In nothing is this principle more observable than in the strange, though universally recognised fact that self-denial, in every form, is associated with advantages at least equal to those which are voluntarily foregone. Not only is it demonstrable in experience that it is at least as blessed to give as to receive, but also that it is as profitable to abstain as to indulge.
The student realizes it in his abstinence from pleasures, that he may discipline his mind' and enlarge the domain of his intelligence; the merchant when he acts on the proverb that "honesty is the best policy;" the philanthropist when he sacrifices his time and strength for the weal of others; the benevolent when he sows his gold for a harvest of wide-spread happiness; the Christian when he denies himself ungodliness and worldly lusts, that he may increase his own receptive power for divine enjoyment.
There is-such a thing as unintentional self'-forgetfulness, which is more profitable than the most active form of conscious self-remembrance. It is a self-abnegation which, in the words of Wolsey, "loves itself last," and is associated with the reward implied in the divine utterance, "He that loseth his life shall find it." All true humility is a form of it, but the humility must be ascertained to be true. We love humility because of what it represents which is one or other of two things—either that natural greatness, that loftiness of mind which-makes man's highest attainments, when compared with the infinitude of his ignorance, rightly seem too mean to boast of; or that conscious though unostentatious stopping-down of a gifted or disciplined intellect, that a less gifted brother may not be made to feel the distance that discipline or natural endowment has put between them.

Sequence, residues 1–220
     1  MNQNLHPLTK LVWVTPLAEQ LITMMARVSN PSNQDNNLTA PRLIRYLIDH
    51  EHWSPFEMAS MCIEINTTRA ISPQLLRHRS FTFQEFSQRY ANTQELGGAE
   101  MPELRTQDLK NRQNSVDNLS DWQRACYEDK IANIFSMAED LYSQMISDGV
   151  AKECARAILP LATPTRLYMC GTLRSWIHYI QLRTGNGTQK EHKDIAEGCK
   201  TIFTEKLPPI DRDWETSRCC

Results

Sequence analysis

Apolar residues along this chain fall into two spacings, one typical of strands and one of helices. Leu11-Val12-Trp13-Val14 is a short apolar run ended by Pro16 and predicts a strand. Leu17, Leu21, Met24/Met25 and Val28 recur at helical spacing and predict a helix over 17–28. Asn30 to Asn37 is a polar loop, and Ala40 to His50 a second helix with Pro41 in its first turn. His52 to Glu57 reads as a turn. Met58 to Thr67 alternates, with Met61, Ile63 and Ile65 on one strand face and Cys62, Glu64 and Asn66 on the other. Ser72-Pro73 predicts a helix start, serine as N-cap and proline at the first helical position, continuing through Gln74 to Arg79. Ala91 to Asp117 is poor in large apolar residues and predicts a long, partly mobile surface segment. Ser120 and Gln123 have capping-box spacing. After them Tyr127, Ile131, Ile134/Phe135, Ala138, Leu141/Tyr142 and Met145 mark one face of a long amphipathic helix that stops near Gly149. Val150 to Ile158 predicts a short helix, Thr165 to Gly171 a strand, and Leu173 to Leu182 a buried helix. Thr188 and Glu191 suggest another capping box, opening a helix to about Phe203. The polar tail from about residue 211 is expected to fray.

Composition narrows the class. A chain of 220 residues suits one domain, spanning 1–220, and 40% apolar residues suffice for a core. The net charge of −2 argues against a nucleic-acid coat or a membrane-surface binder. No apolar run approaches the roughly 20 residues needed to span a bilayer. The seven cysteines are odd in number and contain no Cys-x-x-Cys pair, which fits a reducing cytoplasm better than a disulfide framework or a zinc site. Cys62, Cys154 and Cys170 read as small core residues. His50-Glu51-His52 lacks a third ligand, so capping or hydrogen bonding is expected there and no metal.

When we say that such a humility, such a self-abnegation, meets with its reward, we do not affirm that it is profitable in the sense in which an unthinking world would understand us. It may add no gold to the coffer, no lauds, no title to its possessor. page 18 Its reward may consist in that which he who lives with low purposes never thinks of seeking—even an aristocracy of nature. But how often do we see that it meets with even the very rewards which the man of low purposes, with all his strainings, has never dared to aspire to. Let us look around and sec if it is not so. Do we not see in the world a tendency to put into positions of eminence the worthful men who least seek them? Cincinnatus, the Roman dictator, was twice brought from the plough, not because a ploughman is necessarily the best general of an army, but because the sagacious Romans instinctively felt that the man who seemed so undesirous of office was the most likely not to abuse the irresponsible power of the Roman dictatorship. The glorified in this world have been divided into three classes those who are born to glory, those who achieve it, and those who have it thrust upon them. The last is the highest class, for their unsought glory is the unexpected need of unobtrusive worth.